An “iconic” club that brings old and young people together has pledged to “demonstrate that it is needed”.
However, the management of Club No 8 on Stoke Newington Road has been asked to think again about the late night opening hours it is hoping to introduce.
That is because the venue falls within the Dalston special policy area, which is designed to cut nuisance and anti-social behaviour.
Ian Steele asked Hackney’s licensing committee if the club could stay open until 1am from Sunday to Wednesday, 3am on Thursdays and until 5am on Fridays and Saturdays.
The planning committee instead suggested 11pm from Monday to Wednesday, midnight on Thursdays, 2am on Fridays and Saturdays, and 10.30pm on Sundays.
Steele explained that as a social and welfare organisation, Club No 8 “specifically caters for and targets the Black and ethnic community, although that’s not to say that others aren’t welcome”.
He said: “We are committed to making a difference in and around this locality, in this special policy area.”
He said the club aims to offer facilities for the over-25s and especially for “the older generation”.
“Hackney has a very vibrant night-time economy and yet, following research that we’ve undertaken, there’s no other venue under the Dalston special policy area that specifically caters for this group in terms of styles musicality and dining, certainly not to the older generation.”
Steele continued: “In our culture, starting and finishing times for events are normally much later than those of other events.”
He said police have visited several times and “have never had to attend disturbances” when it has had late night temporary event licences.
The club has support from Sistah Space, which has used the venue for dinners, and from community worker June Tuitt.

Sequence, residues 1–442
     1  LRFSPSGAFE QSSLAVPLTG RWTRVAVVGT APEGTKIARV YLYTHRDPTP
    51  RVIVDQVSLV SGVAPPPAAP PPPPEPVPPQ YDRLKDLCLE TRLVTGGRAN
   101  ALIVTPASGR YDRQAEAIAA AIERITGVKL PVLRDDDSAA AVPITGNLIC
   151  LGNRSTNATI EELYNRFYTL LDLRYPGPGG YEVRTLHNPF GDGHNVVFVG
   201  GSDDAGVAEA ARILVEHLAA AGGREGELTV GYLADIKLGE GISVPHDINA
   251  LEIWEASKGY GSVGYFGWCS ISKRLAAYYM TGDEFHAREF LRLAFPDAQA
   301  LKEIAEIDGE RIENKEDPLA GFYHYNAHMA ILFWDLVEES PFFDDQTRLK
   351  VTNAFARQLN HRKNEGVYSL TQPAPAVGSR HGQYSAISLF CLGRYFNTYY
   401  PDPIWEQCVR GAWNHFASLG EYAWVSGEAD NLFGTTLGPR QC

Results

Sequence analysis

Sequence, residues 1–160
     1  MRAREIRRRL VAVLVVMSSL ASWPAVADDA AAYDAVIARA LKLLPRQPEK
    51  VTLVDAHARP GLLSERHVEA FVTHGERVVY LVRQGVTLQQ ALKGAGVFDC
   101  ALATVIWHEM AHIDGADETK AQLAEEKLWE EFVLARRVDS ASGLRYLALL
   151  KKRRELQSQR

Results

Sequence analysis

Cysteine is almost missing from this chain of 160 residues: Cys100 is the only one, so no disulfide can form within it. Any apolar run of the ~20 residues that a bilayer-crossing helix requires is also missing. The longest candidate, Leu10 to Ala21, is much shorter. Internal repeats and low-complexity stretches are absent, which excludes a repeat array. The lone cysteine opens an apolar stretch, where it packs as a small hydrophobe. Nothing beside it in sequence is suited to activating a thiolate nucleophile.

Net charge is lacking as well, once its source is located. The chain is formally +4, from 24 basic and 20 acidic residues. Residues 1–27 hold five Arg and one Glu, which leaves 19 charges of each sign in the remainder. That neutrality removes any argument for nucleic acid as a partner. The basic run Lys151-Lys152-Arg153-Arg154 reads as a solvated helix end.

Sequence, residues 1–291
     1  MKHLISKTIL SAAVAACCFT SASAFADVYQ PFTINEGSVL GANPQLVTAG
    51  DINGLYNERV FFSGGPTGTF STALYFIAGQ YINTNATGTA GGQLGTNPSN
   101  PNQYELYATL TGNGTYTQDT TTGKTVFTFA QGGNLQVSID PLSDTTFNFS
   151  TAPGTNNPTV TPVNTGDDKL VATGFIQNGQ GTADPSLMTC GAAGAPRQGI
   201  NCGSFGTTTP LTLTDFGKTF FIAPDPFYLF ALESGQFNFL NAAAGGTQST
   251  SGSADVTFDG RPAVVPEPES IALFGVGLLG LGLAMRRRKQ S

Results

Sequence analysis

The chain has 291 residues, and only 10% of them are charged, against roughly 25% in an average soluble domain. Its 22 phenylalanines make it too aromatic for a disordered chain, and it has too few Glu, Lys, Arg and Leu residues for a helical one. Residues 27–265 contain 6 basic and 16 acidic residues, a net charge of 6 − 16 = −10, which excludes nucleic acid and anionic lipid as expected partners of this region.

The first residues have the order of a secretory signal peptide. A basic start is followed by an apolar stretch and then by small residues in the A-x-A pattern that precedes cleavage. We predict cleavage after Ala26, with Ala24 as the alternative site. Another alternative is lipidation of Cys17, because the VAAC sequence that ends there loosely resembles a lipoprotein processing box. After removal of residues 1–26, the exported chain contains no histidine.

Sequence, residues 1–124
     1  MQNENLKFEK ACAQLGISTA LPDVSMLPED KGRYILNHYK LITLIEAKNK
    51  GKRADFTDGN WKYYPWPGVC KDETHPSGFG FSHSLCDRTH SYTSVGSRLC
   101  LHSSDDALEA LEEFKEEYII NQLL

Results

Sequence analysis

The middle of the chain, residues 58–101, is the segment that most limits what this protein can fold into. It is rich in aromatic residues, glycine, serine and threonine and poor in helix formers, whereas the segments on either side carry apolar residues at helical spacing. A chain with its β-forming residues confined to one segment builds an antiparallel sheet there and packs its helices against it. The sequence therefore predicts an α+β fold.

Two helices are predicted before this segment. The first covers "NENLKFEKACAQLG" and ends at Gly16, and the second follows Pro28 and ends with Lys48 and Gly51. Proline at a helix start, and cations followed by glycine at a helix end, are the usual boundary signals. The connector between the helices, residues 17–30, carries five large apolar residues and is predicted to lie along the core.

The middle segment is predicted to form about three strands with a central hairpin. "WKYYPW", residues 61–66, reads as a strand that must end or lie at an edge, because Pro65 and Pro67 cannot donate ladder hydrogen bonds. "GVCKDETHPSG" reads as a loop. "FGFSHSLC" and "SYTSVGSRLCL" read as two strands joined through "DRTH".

Tuitt told the committee that the club is inclusive and gives people a space to share cultural activities and to work with young people.
She added it was hard to find a suitable place: “Our spaces are closing down, being taken away at a rapid pace. This is an iconic venue.”
One resident opposed the application and said he did not want his sleep disturbed.
Speaking anonyomously as “Mr C”, the resident said: “People in community are going to be affected by it.”
He described how he has been disturbed by late-night noise, with people “hanging around on Shacklewell Lane, lots of cars turning up with amplified music”.
He said he was concerned about late hours, ensuring people disperse quickly and quietly, and amplified music.
He felt amplified music and alcohol can densensitise and disinhibit people from noise and nuisance late at night.
“To go from no licence to a fully loaded licence beyond core hours seems to me a real leap,” he said.
PC Kerrie Ryan said she was concerned about the late hours proposed and the cumulative impact in an area that has suffered from “a substantial rise in the
amount of alcohol-related crime, anti-social behaviour and disorder”.
Hackney Council’s licensing officer was also concerned about late opening hours.
The licensing committee will publish its decision in 5 days.